The Audian Theatre has been part of social fabric of life in Pullman for nearly a century. Built in 1915, this building originally housed Pullman's fifth silent movie house, the Grand Theater. The building was remodeled in 1930, reopening as the Audian Theater in October 1930.
Backstory and Context
In late 1915, the Grand Theater opened in the newly constructed Jackson Block and entertained residents until closing in 1928. Remodeled as the Audian Theater in October of 1930 and expanded again in 1936 following the demolition of an adjoining garage, the several-hundred-seat, single-screen theater featured the latest movie technology and, together with the Cordova Theater, served as one of Pullman’s principal movie houses into the early twenty-first century. Original light fixtures and a balcony distinguish the extant auditorium.1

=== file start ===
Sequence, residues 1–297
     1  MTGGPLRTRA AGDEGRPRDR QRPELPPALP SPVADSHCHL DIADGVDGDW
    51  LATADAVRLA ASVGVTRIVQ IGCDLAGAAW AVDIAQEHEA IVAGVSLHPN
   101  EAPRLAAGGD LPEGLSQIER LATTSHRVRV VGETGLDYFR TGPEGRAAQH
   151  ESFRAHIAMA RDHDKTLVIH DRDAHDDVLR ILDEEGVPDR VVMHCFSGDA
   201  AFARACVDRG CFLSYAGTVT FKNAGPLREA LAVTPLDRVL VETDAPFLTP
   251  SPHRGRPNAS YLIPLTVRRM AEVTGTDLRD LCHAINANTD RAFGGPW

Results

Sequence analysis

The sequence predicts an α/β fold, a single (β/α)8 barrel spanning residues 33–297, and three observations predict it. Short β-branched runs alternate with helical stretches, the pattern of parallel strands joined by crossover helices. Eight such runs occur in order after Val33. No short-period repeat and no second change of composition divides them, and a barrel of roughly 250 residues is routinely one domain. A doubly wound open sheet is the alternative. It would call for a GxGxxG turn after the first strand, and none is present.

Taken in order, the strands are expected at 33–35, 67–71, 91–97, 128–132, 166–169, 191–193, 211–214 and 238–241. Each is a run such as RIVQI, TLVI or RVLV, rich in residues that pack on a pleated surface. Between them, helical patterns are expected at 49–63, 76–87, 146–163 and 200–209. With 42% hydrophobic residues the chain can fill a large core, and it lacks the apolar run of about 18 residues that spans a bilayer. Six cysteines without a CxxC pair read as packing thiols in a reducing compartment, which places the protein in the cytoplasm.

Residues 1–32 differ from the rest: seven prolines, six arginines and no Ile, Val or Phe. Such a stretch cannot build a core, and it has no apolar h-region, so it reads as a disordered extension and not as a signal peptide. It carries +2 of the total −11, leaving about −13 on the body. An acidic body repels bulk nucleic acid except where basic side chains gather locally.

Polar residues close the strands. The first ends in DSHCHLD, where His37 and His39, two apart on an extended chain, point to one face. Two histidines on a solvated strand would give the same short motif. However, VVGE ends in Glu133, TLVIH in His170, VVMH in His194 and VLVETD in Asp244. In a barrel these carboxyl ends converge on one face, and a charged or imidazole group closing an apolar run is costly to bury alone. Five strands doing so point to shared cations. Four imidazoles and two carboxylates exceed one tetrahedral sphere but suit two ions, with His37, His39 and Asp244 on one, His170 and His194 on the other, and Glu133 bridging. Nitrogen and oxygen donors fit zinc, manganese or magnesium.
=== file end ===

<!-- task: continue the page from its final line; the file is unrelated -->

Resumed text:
At the time of the Audian Theater’s opening in 1930, only two other theaters were operating in Pullman: the Cordova and the Liberty. Other theaters came and went over the twentieth century, but with the exception of a brief closure in the mid-1990s for upgrades, the Audian remained in operation until the 2000s. Unlike many older, single-screen theaters across the country which evolved into music venues, community theaters, and other functions, the Audian always functioned as a movie house.The Audian was updated in the 1990s, but remains largely unchanged from the 1930s. Its architecture and decor are excellent examples of theaters from the golden age of movie theaters. The Audian closed in 2014 but as of this writing, the Pullman Civic Theatre hopes to renovate the building and use it as an arts center.
The Audian Project. Pullman Civic Theatre. Accessed November 03, 2017. http://pullmancivictheatre.org/about-us/the-audian-project/#theater.